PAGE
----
On Wednesday morning I had a tough hill run workout. Although the intense intervals only totaled 8 minutes, it was a leg burner and cardio stressor. 

For 20 minutes, I ran EZ on some of my favorite roads around where I live, which included no shortage of hills. After listening to a Facebook LIVE 75-minute educational chat with running expert Chris Johnson, PT, I used a lot of his running cues to keep me focused on my running mechanics during warm-up. 

When I arrived close to the street where I was going to perform my main set, I first did a pre-set of 5 x 30 sec build to fast strides w/ a 30 sec walk in between. 

For the run main set: 
8 x 30 sec strong uphill effort w/ 1.5 min recovery (jog/walk/rest) in between

5 min EZ
8 x 30 sec strong uphill effort w/ 1.5 min recovery (jog/walk/rest) in between
Then jog home (about 15 minutes). 

It was a great workout and I felt super strong.

In the evening, I tested out my new Tacx Neo smart trainer with a good workout that Karel wrote for me. My legs were still a little tender from the morning run but it felt good to spin them out and test out the CycleOps Virtual Training app on my ipad. You can see from the picture that my iPad is standing up on a microphone stand that Karel ordered for me. It was a cheap way to hold the iPad, where I control my trainer.

Wednesday night bike workout:

WU: 20 min EZ

Pre set:
2 x 4 min
2 x 3 min
2 x 2 min
Odd Z2, fast rpm
Even Z2/Z3, slow rpm, 55-65
5 min EZ

1 x 4 min build effort to strong, choice cadence
4 min EZ
3 x 3 min Z3/4 slow cadence (slop/resistance mode)
3 min EZ between  3 x 2 min high power/high cadence 100+ rpm, 3 min EZ between (slop/resistance mode)
3 min EZ between

CD: EZ spin

As for Thursday morning, I had about 1 hour and 45 minutes of fun on the trainer for my first real workout. The trainer is super quite and very smooth. There is no sticky pedaling, especially as I increase the slope or resistance.

WU: 20 min EZ

Pre set: 4 x 4 min (odd Z1/2 build rpm to fast, even Z1/2 build rpm to fast)

MS: 4 x 10 minutes as:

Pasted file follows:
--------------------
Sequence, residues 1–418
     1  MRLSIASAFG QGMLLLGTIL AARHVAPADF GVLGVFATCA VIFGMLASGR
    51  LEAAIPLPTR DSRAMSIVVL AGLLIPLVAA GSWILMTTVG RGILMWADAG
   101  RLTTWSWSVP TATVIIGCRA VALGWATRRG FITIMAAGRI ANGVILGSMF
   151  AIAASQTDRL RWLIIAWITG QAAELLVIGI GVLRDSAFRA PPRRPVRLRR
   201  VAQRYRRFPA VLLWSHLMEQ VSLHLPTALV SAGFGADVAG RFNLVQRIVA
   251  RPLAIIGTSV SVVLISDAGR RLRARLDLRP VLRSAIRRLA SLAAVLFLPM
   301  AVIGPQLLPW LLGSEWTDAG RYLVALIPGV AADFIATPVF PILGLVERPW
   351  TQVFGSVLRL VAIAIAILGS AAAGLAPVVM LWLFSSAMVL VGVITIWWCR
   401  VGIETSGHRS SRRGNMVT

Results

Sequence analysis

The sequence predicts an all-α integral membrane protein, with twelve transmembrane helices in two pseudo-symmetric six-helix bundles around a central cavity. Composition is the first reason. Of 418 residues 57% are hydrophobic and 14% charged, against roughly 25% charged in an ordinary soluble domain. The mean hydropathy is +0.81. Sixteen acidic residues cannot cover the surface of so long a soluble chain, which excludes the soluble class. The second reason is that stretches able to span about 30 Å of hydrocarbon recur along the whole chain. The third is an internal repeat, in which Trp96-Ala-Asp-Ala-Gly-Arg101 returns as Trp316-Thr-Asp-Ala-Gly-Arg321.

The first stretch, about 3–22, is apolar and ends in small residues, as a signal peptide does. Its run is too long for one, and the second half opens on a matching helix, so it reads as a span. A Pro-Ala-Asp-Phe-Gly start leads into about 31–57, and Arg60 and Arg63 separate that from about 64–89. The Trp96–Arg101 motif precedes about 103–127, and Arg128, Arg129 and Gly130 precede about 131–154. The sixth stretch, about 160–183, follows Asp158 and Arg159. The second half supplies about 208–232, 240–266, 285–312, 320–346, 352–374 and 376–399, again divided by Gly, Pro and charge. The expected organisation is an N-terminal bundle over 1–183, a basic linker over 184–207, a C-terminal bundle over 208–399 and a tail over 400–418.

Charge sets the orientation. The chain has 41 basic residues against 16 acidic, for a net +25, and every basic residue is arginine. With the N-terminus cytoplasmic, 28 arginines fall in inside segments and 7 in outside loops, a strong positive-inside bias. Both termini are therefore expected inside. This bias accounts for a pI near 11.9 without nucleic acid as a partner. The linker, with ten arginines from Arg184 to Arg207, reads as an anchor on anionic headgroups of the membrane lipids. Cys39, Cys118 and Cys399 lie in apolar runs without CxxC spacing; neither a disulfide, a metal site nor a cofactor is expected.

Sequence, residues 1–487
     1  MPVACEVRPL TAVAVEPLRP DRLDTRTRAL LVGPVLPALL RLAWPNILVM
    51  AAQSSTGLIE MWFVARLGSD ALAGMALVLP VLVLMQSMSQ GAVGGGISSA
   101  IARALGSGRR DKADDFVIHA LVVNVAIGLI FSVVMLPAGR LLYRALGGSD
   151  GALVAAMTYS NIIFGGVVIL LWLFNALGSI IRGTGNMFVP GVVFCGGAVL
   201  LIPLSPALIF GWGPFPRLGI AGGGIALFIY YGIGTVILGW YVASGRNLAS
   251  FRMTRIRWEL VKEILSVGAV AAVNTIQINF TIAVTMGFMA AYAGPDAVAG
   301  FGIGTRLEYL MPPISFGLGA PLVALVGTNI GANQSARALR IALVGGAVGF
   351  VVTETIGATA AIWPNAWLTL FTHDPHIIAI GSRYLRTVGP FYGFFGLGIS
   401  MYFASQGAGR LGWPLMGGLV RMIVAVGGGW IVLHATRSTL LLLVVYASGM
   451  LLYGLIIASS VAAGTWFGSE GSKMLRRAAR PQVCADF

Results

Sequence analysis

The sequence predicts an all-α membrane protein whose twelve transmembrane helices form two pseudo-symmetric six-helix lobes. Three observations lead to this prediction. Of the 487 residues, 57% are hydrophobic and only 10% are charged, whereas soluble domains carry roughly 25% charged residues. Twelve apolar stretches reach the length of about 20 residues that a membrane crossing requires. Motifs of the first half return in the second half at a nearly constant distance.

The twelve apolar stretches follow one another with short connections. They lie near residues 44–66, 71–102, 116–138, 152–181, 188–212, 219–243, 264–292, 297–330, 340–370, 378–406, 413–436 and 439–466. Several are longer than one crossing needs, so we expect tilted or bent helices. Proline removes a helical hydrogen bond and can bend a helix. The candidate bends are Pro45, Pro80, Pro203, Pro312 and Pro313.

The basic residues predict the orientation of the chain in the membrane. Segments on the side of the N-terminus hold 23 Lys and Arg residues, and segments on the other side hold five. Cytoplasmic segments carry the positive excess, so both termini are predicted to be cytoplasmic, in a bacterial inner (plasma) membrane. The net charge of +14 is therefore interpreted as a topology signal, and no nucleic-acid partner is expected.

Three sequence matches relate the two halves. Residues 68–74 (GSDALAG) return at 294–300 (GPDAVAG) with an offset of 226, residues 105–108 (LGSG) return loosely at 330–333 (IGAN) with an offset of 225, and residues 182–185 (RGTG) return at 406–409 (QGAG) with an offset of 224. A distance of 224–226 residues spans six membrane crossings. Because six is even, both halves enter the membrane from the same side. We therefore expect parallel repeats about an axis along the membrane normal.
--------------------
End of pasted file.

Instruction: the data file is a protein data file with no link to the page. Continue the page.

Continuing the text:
2xs (3 min Z2, rpm 100+, 2 min Z3, 45-50 rpm)
4 min EZ

Post set: 15 min Z2/3 - steady effort, gradually decreasing power and increasing rpm.

Whew, what a great workout, especially after the tough run on Wednesday. I've been super diligent with my nutrition before, during and after workouts to ensure that my body can stay consistent with training and to give me confidence that any fatigue that I feel is normal fatigue and not from underfueling or poor recovery. So far, I'm feeling very energized, strong and healthy and I hope that feeling continues to last as I am expecting a lot from my body in April and May.

I did a very short swim (1900 yard)  swim workout at lunch time to knock out my 2nd workout of the day because I had nutrition consults the rest of the afternoon through early evening.

As for Friday morning, Karel was off to NC to the A2 wind tunnel with our athlete Joe so I had to swim solo. Karel has been swimming almost every swim workout with me so it was kinda lonely swimming by myself, especially for this endurance tracker main set.

500 warm-up

Pre set:
4 x 200's w/ snorkel and fins

10 x 25s w/ paddles fast w/ 5 sec rest

35 x 100's on 1:30 at 85% effort

Total: 4900

I was feeling tired during warm-up and pre-set so I wasn't sure how the main set would go but after 6-8 x 100's, I started to find my rhythm and the set actually went by really fast!

Then I again, I was really excited to eat my homemade banana bread when I returned home from my swim.